Your Organization, Entity Management & Diligent Entities

When an organization incorporates Diligent Entities in its operations, the organization gains a single, secure platform. It gains centralized data that supports the capacity to report a single version of the truth. The organization can determine access privileges for all who need to enter or access data, which creates further efficiencies for you or other colleagues who would otherwise have retrieved and relayed data. Just as the board has the ability to identify and limit who is able to change access parameters for your board and committee books, your organization can identify and restrict which people are able to make any changes to access parameters. Whomever among your team has privileges to enter and access data, all data will reside in a single central repository. You and your board can derive confidence in the knowledge that the organization can readily integrate data from various business units ' compliance, finance, legal and tax ' within a single system of record. If you're already relying on Diligent Boards and Messenger, you'll find seamless integration with these resources. You're able to customize the Entities dashboard to reflect your legal team's needs, and it provides solutions for entity relationship diagramming and for organizational charting. Your legal team will be able to stay current, as the entity management tracks data related to each of the company's entities. It records data changes, in support of audit and reporting needs, and provides automated notifications. Track the time required to manually create, check and file statutory forms for each of your entities, and then consider that Diligent's entity management software automates these processes. The entity management software enables the organization to electronically provide information to auditors and file forms with the requisite domestic and international regulatory bodies, all in a secure manner. Boards and management teams will benefit from the software's capacity to efficiently extract, sort and analyze both quantitative and qualitative data. You can compress information and distill it into readily digestible graphs, charts and images to provide meaningful insights for your board and senior management. Critically, entity management software positions directors to enhance their understanding and oversight of the corporate structure. If you and your directors are engaged in modern governance, is it time to challenge the board's status quo when it comes to entity management?
Related Insights
This is where Author Role goes
Shelagh Donnelly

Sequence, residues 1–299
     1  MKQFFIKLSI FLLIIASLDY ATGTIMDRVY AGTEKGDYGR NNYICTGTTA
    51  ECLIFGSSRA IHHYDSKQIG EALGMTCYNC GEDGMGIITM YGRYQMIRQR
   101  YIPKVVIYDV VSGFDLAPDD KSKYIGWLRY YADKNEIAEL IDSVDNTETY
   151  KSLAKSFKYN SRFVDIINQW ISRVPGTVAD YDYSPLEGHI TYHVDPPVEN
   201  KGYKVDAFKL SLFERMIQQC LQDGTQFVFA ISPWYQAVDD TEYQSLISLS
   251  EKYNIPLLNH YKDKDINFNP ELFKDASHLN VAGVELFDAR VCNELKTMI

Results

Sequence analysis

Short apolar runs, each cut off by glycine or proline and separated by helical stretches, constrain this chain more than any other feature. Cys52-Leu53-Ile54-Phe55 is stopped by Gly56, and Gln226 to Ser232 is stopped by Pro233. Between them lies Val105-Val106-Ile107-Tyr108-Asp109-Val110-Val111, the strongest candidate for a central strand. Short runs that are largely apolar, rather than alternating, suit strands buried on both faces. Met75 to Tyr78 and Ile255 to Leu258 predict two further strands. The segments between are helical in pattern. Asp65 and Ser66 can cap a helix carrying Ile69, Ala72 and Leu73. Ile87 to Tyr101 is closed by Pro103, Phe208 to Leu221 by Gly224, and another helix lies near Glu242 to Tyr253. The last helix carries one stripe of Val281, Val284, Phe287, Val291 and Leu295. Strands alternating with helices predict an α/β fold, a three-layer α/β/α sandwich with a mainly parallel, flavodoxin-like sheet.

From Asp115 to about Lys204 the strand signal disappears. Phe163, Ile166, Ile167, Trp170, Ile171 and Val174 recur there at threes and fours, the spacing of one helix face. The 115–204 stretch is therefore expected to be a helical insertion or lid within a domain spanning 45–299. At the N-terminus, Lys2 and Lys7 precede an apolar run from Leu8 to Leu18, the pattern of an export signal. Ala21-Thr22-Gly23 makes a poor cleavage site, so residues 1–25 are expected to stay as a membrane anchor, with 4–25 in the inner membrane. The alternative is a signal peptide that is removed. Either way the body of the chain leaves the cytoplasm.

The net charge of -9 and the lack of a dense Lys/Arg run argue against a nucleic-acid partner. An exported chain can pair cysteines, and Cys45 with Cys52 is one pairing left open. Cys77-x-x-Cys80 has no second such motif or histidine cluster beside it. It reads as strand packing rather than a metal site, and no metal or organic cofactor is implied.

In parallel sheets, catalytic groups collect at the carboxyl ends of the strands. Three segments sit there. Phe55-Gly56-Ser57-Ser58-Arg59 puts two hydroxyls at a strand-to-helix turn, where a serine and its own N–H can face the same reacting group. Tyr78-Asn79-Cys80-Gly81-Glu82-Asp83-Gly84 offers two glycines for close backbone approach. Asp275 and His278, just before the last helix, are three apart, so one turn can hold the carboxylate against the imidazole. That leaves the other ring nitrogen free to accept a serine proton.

Shelagh Donnelly writes about governance and the world of administration, and speaks internationally on both topics. She's been a direct report to C-level executives, including four CEOs, in the private and public sectors. Shelagh spent the last decade of her 21-year higher education career immersed in the world of governance. As the institution's governance point person, she elevated the directors' onboarding program, championed the introduction of portal software, and introduced efficiencies and practices that enhanced operations and ongoing board development. Responsible for effective operations of the institution's governance system and accountable to board Chairs and the institution's CEOs, Shelagh supported all five of the board's committees. She worked with four board chairs, more than a dozen committee chairs and multiple directors. Shelagh's professional affiliations have included the Institute of Corporate Directors (ICD) and the National Association of Presidential Assistants in Higher Education (NAPAHE). Through the Association of Governing Boards' (AGB's) Board Professionals Leadership Group, she served as a board professional mentor. She remains a member of Governance Professionals of Canada (GPC) and has served as Chair of the Board of Directors of CICan:GPOP (GPOP), a national professional association affiliated with Colleges and Institutes Canada (CICan). She is one of only two individuals to be recognised with the CICan:GPOP Award for Distinguished Service. Shelagh began publishing Exceptional EA, an online professional development resource for career assistants, in 2013. She continues to publish Exceptional EA and write for other publications, and is the author of the forthcoming book, The Resilient Assistant. Exceptional EA: 'https://exceptionalea.com/ Colleges and Institutes Canada (CICan): https://www.collegesinstitutes.ca/